World J Oncol
World Journal of Oncology, ISSN 1920-4531 print, 1920-454X online, Open Access
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Case Report

Volume 8, Number 1, February 2017, pages 15-17


Hypoglossal Nerve Mononeuropathy as the First Presenting Symptom of Progressing Multiple Myeloma

Neil B. Newmana, c, Vidya Puthenpurab, Stephanie Mischella, Gabriela Ferreiraa

aDepartment of Medicine, Rutgers Robert Wood Johnson Medical School, New Brunswick, NJ 07082, USA
bDepartment of Pediatrics, Rutgers Robert Wood Johnson Medical School, New Brunswick, NJ 07082, USA
cCorresponding Author: Neil Newman, Department of Medicine, Rutgers Robert Wood Johnson Medical School, New Brunswick, NJ 07082, USA

Manuscript accepted for publication January 10, 2017
Short title: Hypoglossal Nerve Mononeuropathy
doi: https://doi.org/10.14740/wjon1000w

Abstract▴Top 

Multiple myeloma (MM) rarely presents with a primary neurological dysfunction, and if it does it is usually due to a plasmacytoma. This is the first case to discuss hypoglossal nerve dysfunction as the first sign of MM progression secondary to severe pathophysiologic bone lysis. A PubMed-based literature search was completed on April 17, 2016 for the terms “multiple myeloma” and “hypoglossal nerve neuropathy”. A 73-year-old woman with known MM who received little treatment for several years, presented secondary to dysarthria and at first was thought to have hyperviscosity syndrome. On further examination, it was found she had light chain disease and her symptoms were secondary to severe disease progression. Imaging revealed multiple lytic lesions in the skull on skeletal survey and brain MRI revealed boney lysis near the occipital condyle and clivus likely interfering with the coursing of the hypoglossal nerve. Advanced progressing MM can cause severe boney destruction which can interfere with cranial nerve canals and cause neuropathy as a presenting symptom.

Keywords: Multiple myeloma; Hypoglossal nerve palsy

Introduction▴Top 

Multiple myeloma (MM) is a heterogeneous clonal plasma cell dyscrasia [1] that comprises merely 10% of hematologic malignancies [2]. The classic complications of myeloma are well studied with renal failure, anemia, hypercalcemia, and bone pains as the most well recognized [3]. Neurological findings are less common and can present secondary to peripheral neuropathy or as an epidural plasmacytoma causing compression of peripheral nerves [4]. Cranial nerve impingement of the fifth [5] or sixth nerve [5] has been described in MM, most often secondary to a soft tissue mass causing nerve compression. Compression of the hypoglossal nerve has been reported [6], albeit rarely, and when reported it is usually secondary to a plasmacytoma [7]. Besides a case of jaw numbness [8] secondary to myeloma affecting the jaw bones, there are no cases discussing cranial nerve neuropathy secondary to severe bone remodeling caused by advanced MM.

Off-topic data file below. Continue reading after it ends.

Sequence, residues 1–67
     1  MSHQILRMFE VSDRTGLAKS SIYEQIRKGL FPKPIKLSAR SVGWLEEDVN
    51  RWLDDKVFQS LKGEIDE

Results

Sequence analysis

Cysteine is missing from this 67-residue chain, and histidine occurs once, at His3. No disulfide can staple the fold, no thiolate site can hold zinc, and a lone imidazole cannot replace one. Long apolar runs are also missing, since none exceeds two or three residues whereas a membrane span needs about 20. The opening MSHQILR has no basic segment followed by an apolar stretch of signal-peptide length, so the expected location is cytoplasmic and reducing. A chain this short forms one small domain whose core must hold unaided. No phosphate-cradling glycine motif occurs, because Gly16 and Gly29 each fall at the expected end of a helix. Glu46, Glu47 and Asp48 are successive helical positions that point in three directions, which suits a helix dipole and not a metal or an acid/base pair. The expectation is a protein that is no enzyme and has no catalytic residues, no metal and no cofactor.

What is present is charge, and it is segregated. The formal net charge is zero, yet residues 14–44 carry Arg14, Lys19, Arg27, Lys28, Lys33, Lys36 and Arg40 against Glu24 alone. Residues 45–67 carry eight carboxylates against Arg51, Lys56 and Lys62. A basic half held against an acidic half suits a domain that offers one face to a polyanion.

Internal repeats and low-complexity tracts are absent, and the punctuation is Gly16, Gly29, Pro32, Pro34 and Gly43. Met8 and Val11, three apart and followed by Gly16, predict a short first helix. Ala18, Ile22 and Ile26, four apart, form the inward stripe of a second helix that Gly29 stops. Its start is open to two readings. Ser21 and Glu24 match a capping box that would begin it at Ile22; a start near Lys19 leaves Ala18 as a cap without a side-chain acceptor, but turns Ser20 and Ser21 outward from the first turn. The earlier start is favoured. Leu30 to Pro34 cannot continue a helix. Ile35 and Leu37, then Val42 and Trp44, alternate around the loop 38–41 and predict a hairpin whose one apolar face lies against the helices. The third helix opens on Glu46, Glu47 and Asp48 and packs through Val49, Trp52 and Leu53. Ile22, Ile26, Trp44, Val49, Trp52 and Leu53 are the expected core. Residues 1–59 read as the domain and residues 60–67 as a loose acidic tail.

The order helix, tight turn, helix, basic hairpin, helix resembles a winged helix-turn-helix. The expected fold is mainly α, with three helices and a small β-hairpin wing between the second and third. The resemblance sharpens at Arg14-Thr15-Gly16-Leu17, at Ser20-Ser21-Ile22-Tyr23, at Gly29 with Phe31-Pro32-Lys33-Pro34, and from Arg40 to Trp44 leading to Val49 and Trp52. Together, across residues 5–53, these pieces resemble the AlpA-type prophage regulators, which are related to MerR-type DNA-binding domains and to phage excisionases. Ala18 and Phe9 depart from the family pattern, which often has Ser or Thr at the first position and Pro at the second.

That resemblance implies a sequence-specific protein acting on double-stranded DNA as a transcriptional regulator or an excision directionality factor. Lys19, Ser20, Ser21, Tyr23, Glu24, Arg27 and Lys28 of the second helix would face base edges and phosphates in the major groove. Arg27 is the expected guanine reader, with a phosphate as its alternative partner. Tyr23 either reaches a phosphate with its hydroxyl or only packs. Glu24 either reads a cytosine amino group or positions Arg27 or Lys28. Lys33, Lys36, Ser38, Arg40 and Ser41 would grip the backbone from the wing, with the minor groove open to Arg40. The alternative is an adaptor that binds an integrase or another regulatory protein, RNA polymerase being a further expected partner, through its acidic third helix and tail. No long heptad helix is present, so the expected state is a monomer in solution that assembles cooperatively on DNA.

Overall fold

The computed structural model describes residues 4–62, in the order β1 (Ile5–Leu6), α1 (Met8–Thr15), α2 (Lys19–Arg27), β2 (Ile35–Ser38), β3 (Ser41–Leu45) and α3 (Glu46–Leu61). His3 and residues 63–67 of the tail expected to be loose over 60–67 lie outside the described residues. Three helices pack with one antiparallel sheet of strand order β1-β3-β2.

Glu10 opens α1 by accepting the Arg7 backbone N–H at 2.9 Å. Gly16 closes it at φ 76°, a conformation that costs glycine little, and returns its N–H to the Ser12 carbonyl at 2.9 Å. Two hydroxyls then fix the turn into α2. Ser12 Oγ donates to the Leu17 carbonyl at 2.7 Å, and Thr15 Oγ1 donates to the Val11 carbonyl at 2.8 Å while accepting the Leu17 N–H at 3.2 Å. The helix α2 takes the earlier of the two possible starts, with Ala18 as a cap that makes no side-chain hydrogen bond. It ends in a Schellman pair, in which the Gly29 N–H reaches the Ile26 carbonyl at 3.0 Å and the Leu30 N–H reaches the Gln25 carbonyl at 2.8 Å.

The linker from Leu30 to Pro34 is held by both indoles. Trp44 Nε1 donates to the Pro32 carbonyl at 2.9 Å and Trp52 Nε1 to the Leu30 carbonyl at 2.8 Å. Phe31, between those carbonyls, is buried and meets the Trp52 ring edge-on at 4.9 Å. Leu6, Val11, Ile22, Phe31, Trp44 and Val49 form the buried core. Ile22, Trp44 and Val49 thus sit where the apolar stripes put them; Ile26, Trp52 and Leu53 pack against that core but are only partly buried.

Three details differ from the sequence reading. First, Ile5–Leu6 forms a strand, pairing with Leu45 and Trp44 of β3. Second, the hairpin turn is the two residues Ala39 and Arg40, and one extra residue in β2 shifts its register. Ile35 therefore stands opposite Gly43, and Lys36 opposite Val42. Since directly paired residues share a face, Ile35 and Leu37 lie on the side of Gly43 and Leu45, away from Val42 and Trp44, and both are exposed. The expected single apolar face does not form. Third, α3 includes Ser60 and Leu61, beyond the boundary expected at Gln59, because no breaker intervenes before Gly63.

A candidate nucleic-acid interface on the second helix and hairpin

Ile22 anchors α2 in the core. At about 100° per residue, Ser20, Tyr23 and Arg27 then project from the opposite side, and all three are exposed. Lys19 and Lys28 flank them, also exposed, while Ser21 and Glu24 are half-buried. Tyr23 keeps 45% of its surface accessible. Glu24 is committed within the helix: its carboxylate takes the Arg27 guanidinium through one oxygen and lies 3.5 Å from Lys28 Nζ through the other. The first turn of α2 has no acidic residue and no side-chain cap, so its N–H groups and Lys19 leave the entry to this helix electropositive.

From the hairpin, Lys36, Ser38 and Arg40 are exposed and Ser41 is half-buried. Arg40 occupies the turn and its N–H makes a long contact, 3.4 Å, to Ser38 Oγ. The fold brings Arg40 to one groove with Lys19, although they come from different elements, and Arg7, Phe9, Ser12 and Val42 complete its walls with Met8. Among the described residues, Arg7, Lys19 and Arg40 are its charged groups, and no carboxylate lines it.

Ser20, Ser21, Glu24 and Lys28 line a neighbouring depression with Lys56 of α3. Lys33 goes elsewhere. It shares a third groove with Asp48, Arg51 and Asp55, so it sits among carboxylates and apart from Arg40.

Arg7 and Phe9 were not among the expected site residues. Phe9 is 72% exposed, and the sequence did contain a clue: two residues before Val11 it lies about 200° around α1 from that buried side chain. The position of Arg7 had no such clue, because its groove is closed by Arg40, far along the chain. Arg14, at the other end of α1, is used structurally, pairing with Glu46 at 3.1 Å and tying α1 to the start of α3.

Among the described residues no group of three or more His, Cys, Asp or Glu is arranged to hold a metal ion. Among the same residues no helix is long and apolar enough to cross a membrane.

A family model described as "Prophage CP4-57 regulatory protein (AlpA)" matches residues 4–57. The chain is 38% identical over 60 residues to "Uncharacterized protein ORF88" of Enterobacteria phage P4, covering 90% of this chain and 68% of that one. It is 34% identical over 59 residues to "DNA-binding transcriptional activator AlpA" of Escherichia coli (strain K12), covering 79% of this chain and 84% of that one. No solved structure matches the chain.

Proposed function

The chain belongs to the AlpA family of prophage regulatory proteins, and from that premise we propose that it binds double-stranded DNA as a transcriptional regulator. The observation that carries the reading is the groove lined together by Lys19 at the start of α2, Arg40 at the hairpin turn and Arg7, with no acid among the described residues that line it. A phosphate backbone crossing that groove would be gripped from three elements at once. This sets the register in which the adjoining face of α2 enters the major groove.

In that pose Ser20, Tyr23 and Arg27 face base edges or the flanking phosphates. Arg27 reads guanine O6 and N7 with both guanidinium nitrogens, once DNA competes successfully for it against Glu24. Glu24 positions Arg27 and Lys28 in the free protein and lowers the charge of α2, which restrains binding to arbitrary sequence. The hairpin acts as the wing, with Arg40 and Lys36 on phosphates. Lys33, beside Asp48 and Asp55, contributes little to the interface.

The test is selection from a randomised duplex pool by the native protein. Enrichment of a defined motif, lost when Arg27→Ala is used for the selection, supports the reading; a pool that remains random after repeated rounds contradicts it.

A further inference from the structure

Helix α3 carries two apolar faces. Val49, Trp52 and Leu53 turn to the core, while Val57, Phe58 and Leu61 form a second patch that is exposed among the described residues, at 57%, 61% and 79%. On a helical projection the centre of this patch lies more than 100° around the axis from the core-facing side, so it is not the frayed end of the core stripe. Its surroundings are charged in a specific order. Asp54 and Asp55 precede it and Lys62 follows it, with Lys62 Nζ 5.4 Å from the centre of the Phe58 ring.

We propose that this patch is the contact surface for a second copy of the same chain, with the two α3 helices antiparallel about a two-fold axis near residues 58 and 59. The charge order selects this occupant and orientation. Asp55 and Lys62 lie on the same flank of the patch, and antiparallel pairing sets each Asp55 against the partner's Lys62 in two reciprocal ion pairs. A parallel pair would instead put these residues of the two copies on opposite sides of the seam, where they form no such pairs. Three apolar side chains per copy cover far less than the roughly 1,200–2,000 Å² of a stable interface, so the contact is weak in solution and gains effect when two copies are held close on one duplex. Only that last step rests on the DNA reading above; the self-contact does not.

In this report, we describe a case of a woman with known MM whose only presenting symptom of disease progression was a deviated tongue. While at first this was thought to be a stroke secondary to hyperviscosity syndrome, it ended up due to severe cranial deformities at the ocular condyle near the coursing of the hypoglossal nerve affecting its function.

A PubMed-based literature search was completed on April 17, 2016 for the terms “multiple myeloma” and “hypoglossal nerve neuropathy”.

Case Report▴Top 

A 73-year-old female with a history of MM presented to the emergency department with progressive slurred speech due to a rightward deviated tongue for 4 days. These symptoms were not associated with vision loss or weakness. Physical exam demonstrated overt right-sided tongue deviation, with no other focal neurologic deficits. The patient endorsed a history of MM diagnosis in the past but underwent only a few chemotherapy treatments due to her religious beliefs as a Jehovah’s Witness and was generally not receiving regular medical care. Given the patient’s history of MM, a code stroke was initiated for suspected hyperviscosity syndrome as the cause of the stroke. She received a computed tomography (CT) of her head, which revealed marrow abnormalities specifically in the calvarium consistent with advanced MM, but no clear areas of ischemic or hemorrhagic strokes. The clinicians decided to further pursue a magnetic resonance angiogram (MRA) of her brain, which revealed a patent circle of Willis with no occlusions. After obtaining more collateral information, it was revealed the patient was diagnosed with MM in 2008, and was found at that time to have 20% plasma cells in her marrow. She received several cycles of chemotherapy at that time but chose not to continue therapy. In 2010, she received radiation for two plasmacytomas that formed in the epidural space but had limited follow-up or further treatment thereafter.